Corporate Insolvency and Governance Act 2020 (CIGA)
The introduction into law of the Corporate Insolvency and Governance Act on the 26th June 2020 represents the most significant reforms to the UK insolvency and restructuring framework for nearly two decades. The reforms which had been in train since 2016 have been fast-tracked through the legislative system to aid the support to struggling businesses as a result of the Covid-19 emergency. The legislation is complex and focuses on both permanent measures together with temporary assistance designed to alleviate pressures and difficulties brought about as a result of the effects of Covid-19.
The key permanent provisions can be summarised as follows:
This is a brand new legal process available to companies who are or at risk of becoming insolvent. A moratorium provides a statutory breathing space from creditors to formulate a rescue plan either by restructuring or by a Company Voluntary Arrangement (CVA). With certain key exceptions, the company will not have to pay debts falling due prior to the moratorium but will have to pay debts falling due during the moratorium including rents and employee entitlements, including redundancy pay. The moratorium will prevent the enforcement of security (e.g. by a bank or other secured creditor), the commencement of insolvency or other legal proceedings against the company and also the forfeiture of a lease by a landlord.
The moratorium will last for an initial 20 business day period with the ability to extend for a further period of 20 business days without consent and with the possibility of further extensions with consent for up to one year.
The moratorium is a ‘debtor in possession’ procedure, and the company remains under the control of its directors throughout the moratorium period. It is initiated by filing the documents at Court. The process must be overseen by a monitor appointed by the company (or the Court, if appropriate). The monitor must be a Licenced Insolvency Practitioner whose role is to oversee and give certain consents but not to be directly involved in the day to day running of the business. In reality, the proposed monitor will have been consulted prior to the formal proceedings in order to assess the business and form the opinion that the company is likely to be able to be rescued as a going concern.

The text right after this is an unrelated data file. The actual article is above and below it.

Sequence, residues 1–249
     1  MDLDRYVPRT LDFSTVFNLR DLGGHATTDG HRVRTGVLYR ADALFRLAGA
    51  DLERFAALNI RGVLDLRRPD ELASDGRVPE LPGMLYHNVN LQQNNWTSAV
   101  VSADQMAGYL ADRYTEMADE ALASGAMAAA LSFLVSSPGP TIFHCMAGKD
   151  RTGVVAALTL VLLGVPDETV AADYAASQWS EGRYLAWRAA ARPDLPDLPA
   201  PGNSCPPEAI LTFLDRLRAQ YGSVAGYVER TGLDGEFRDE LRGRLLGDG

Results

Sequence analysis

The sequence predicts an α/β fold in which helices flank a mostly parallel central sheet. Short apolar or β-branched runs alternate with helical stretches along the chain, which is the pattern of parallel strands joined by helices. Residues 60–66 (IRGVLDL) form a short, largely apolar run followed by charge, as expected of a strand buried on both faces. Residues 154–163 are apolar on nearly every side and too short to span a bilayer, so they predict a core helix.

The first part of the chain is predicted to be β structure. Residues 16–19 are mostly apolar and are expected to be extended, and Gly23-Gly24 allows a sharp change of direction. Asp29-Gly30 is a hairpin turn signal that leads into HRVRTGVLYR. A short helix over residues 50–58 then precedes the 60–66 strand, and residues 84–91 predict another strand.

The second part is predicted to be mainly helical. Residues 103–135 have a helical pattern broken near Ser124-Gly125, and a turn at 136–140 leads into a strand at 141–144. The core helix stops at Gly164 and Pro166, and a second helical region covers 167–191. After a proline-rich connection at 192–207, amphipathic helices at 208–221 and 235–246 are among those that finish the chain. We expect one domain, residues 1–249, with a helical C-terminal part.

During the Covid-19 period, the statement that the company is likely to be rescued as a going concern or would do so if it were not for any worsening of the financial position of the company for the reasons relating to Coronavirus.
It is, therefore, crucial that directors consult a Licenced Insolvency Practitioner at an early stage whilst rescue remains a possibility. When acting as a monitor, the IP will be an officer of the Court and must retain the view that the company is genuinely capable of rescue. The procedure must not be used if there is no prospect of this or as a delaying tactic.
The plan has been added to Companies Act legislation and is seen to be similar to a scheme of arrangement which many companies already use to restructure their debts. Creditors are to be divided into classes or groups based on the similarity of their rights prior to and as a result of the plan (for example, secured groups and unsecured groups). If 75% in value of one class of creditor approves the plan and it delivers the prospect of a better outcome than the next best alternative (administration or liquidation), then the plan will be binding on all creditors if it is sanctioned by the Court. The Court’s role will be to consider the formulation of classes of creditor, whether each creditor receives more than they would under the next best alternative and whether the plan is fair and equitable.